Indeed, ex-Gunner Paul Merson was so perturbed that he branded Ozil "one of the worst players in the world without the ball," while Emmanuel Petit weighed in to lambaste his "defeatist attitude."
Ozil retired from international football after the 2018 World Cup after coming in for heavy criticism as defending champions Germany suffered their earliest tournament exit since 1938.
Die Mannschaft plummeted out in the group stage amid a wave of scorn, as Ozil attracted a lot of criticism in his native land for both his sub-par performances and his decision to meet and greet controversial Turkey president Recep Tayyip Erdogan just before the tournament.
After bowing out with a risible 2-0 defeat against South Korea, Ozil announced that he no longer wished to be selected for international duty, saying that "racism and disrespect" over his Turkish heritage directed towards himself and his family were major factors behind his decision.
Having to leave the World Cup already after the group stage hurts so much. We just weren't good enough. I'll need some time to get over it. #SayNoToRacism #Worldcup #Russia2018 #M1Ö pic.twitter.com/mFOOhYQZen— Mesut Özil (@MesutOzil1088) June 29, 2018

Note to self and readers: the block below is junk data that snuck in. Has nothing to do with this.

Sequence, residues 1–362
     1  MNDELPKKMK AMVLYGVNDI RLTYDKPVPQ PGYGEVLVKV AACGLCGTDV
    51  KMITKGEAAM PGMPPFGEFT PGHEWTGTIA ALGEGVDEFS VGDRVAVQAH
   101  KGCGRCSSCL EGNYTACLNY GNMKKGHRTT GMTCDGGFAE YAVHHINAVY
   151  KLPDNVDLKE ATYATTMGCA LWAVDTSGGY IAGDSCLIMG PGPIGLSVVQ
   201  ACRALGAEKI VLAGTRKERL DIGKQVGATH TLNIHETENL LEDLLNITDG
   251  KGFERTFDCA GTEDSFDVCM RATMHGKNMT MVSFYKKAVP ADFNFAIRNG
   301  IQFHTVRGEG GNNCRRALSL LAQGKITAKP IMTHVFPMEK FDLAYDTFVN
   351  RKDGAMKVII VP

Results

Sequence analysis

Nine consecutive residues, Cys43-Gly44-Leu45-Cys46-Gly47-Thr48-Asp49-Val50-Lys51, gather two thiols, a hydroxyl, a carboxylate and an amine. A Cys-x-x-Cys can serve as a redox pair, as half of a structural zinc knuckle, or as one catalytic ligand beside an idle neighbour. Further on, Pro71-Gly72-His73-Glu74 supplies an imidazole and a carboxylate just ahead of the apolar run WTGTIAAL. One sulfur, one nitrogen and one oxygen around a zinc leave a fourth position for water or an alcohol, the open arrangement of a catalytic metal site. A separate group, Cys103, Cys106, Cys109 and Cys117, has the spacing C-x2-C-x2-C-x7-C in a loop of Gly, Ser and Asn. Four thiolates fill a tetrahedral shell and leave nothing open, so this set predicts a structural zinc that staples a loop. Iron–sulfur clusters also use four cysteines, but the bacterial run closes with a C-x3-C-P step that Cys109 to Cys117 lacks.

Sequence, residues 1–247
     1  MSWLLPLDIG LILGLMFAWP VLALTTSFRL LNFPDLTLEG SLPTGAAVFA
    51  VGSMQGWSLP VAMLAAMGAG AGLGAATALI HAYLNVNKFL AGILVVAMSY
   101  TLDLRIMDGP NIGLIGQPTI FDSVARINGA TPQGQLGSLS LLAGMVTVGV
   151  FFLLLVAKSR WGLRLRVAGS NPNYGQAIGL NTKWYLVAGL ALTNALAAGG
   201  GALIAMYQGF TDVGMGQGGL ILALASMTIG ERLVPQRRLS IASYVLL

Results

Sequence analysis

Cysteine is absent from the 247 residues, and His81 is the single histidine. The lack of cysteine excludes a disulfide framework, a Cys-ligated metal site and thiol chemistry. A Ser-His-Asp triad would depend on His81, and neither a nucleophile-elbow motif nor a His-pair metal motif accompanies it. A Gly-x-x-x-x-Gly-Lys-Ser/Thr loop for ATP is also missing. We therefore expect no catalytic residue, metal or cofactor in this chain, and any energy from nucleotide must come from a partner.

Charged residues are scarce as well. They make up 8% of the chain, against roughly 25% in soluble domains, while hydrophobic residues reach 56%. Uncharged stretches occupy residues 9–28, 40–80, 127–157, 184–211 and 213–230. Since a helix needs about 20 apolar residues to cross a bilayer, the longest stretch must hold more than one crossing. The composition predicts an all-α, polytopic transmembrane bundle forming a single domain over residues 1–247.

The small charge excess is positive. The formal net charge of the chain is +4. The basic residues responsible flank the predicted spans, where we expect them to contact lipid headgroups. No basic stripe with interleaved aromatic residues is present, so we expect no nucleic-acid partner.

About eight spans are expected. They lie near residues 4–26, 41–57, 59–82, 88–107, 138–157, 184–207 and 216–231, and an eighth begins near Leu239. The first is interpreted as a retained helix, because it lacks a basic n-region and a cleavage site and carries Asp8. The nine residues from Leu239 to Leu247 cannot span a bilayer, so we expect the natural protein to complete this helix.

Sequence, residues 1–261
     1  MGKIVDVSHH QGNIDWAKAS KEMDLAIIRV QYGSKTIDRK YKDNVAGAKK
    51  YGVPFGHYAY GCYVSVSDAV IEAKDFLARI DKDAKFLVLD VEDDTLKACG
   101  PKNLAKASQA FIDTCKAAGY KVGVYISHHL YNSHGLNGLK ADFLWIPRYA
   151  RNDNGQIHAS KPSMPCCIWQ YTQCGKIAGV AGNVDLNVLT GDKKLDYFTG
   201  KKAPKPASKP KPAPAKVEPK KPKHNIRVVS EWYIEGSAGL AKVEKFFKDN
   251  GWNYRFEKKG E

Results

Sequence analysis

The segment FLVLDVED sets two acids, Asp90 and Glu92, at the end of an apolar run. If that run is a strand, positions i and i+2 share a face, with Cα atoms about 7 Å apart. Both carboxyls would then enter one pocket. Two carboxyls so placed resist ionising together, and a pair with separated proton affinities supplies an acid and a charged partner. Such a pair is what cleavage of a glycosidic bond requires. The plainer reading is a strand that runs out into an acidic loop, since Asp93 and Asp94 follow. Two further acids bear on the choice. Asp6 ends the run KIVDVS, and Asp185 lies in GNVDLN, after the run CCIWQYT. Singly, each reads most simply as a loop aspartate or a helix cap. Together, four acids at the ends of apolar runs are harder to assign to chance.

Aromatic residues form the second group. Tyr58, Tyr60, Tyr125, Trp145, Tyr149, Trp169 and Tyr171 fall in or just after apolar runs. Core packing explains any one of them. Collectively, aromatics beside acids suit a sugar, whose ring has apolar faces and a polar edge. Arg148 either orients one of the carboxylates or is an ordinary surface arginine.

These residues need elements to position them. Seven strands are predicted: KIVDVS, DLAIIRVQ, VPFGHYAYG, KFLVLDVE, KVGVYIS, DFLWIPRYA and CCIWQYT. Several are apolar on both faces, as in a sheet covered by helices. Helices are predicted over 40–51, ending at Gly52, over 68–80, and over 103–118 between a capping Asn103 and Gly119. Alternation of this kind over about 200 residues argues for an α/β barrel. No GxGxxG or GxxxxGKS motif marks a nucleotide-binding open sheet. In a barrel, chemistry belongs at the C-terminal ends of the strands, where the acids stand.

With things already starting to get patchy on the pitch, Ozil was subjected to a truly dreadful ordeal off the field when he and teammate Sead Kolasinac were mugged on a London street in July 2019.
The two players were ambushed in their car just metres from Kolasinac's home as thieves attempted to steal their luxury watches, though the Bosnia & Herzegovina defender was able to fight the criminals off.
Though understandably shaken, neither player was hurt and the armed mugger responsible was later jailed for 10 years.
Left out in the cold
As things stand, Ozil hasn't played for Arsenal since March 7. He hasn't featured at all since the restart and, if reports are to be believed, that doesn't look like changing.
Premier League rules dictate that clubs can have no more than 17 non-homegrown players in their 25-man squad, and Arsenal have 19. With Partey arriving on deadline day, Ozil's chances of making Arteta's final cut look even more remote.
The German's contract expires next summer and therefore he will be free to discuss terms with foreign clubs come January, with talk of a move to Fenerbahce gathering pace. It's a long, long time to sit around doing nothing, but Ozil must be used to that by now.